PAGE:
SWWIM publishes, celebrates, & promotes women, women-identifying & Femme-presenting writers through a Miami-based reading series & the online poetry journal SWWIM Every Day.

When There Were Highways,

this is what we saw: deer

with shucked hides, exposing the marimba of ribs


and red muscle—others, burned black


from rubber’s horrible offices or so scattershot

with flies as to be costumed in moveable scruff. 


There are the bloated boats and ripped-aways. 


Bird tatter, chipmunks made into flapjacks among

curls of tire, black spinnerets. 


When they came upon the dead deer in the woods,


she had to press one hand into another, as if in prayer,

stayed against the lifting the tongue


back into the cave of its mouth,


keep her from plucking the hungry burrs. 

He remembers too, the startle of sudden stopping—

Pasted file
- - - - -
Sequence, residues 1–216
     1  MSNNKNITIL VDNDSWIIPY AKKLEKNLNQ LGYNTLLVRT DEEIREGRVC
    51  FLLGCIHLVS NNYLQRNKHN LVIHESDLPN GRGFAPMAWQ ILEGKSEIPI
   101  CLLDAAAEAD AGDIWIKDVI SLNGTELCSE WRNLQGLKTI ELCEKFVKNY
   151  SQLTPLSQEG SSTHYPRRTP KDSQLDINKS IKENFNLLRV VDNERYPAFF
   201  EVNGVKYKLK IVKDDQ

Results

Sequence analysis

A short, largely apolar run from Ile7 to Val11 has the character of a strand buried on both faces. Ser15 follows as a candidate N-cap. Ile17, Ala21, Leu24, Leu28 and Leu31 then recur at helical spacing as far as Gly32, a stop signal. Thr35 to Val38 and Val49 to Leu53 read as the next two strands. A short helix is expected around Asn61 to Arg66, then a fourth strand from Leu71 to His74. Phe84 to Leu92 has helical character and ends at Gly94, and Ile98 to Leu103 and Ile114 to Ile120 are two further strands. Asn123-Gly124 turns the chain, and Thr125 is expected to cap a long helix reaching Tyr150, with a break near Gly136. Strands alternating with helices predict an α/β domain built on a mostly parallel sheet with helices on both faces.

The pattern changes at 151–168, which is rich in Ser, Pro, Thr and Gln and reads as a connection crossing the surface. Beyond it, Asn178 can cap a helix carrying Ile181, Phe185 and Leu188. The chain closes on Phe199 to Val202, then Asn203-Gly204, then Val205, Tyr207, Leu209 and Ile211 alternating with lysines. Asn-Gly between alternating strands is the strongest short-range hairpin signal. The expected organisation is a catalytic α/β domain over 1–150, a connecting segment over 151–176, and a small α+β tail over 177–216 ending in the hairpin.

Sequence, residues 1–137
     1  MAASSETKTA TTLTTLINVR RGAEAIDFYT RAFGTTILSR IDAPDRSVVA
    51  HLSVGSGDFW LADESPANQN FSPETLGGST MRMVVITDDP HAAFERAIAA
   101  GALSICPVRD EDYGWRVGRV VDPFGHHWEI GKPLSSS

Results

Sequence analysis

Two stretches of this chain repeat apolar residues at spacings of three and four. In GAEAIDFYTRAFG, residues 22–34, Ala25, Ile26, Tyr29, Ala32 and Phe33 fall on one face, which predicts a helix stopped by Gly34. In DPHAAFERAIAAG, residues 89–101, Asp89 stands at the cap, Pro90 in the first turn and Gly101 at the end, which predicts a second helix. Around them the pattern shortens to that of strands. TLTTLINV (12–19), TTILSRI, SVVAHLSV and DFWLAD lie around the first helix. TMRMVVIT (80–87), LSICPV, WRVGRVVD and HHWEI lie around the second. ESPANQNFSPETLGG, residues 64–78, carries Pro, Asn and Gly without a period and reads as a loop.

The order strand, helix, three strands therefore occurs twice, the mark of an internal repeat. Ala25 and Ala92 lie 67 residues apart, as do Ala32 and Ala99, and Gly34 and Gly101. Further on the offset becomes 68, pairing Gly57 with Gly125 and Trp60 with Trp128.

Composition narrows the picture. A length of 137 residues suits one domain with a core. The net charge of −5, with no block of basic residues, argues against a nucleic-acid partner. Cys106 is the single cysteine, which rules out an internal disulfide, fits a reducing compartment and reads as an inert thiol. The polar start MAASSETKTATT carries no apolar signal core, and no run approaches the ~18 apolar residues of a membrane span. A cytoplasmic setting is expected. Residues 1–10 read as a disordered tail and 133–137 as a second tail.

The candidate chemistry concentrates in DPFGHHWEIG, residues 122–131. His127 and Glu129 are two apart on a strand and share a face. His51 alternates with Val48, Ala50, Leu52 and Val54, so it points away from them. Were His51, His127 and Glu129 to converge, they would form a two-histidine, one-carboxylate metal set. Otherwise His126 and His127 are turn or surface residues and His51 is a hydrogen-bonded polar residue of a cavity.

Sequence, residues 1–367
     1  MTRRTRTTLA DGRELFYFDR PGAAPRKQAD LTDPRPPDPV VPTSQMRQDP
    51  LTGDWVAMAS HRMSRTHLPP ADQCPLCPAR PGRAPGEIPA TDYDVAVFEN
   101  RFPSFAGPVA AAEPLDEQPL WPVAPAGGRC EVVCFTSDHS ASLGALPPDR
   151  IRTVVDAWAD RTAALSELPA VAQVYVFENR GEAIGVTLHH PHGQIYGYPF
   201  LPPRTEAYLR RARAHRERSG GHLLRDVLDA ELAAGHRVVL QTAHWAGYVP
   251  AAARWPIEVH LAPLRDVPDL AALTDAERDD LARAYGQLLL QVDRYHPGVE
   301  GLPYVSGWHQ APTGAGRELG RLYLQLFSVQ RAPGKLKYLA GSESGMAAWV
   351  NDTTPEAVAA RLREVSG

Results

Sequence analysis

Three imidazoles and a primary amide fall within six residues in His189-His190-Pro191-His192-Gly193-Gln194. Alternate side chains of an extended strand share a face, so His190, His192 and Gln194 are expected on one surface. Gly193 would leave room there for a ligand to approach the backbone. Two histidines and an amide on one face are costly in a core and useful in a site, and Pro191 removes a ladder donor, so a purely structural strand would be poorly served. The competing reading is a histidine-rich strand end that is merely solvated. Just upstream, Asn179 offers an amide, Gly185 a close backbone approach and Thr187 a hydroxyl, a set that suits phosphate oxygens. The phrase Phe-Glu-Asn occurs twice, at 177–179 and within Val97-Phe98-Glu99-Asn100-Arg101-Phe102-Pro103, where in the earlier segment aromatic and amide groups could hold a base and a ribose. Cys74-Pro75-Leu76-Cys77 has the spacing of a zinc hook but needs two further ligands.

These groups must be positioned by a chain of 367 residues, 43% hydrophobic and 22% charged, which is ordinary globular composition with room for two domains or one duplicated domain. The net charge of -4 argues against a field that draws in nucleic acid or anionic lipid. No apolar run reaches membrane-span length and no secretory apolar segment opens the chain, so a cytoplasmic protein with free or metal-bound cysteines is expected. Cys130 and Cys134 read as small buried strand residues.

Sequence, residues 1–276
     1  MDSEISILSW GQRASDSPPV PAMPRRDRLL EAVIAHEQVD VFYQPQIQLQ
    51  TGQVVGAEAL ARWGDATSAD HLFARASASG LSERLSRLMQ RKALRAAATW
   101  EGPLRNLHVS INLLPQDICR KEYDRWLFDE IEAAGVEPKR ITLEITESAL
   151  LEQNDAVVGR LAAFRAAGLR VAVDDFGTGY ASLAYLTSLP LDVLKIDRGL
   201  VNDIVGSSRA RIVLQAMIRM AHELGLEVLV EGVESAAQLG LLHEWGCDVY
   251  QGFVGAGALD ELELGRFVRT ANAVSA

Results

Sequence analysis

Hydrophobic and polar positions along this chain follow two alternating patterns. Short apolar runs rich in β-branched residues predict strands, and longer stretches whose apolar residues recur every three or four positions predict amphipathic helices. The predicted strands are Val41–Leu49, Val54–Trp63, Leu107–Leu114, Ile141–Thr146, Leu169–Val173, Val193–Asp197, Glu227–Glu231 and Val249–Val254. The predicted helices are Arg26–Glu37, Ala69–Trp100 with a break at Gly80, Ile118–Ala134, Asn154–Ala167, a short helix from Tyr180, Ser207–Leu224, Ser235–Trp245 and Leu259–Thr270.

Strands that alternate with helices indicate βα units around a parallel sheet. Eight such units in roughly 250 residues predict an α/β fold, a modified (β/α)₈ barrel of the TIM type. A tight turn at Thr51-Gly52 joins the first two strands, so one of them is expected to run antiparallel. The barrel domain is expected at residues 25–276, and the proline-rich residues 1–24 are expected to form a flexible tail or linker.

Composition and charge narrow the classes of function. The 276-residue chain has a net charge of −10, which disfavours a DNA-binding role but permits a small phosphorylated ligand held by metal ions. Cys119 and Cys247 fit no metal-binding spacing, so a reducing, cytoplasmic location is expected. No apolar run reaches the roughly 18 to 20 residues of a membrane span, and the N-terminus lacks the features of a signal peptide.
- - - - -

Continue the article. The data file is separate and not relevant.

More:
that New Year’s when the shock of deer

scattered like pool balls in the crust of snow.

Molly Sutton Kiefer is the author of the full-length lyric essay, Nestuary (Ricochet Editions). She has published three poetry chapbooks, and has work in Orion, Hayden’s Ferry Review, Passages North, The Rumpus, Tupelo Quarterly, Fiddlehead Review, Ecotone, South Dakota Review, and The Collagist, among others. She is publisher at Tinderbox Editions and founder of Tinderbox Poetry Journal. She lives in with her family in Minnesota where she teaches.


The Louisiana Compulsory Education Act of 1916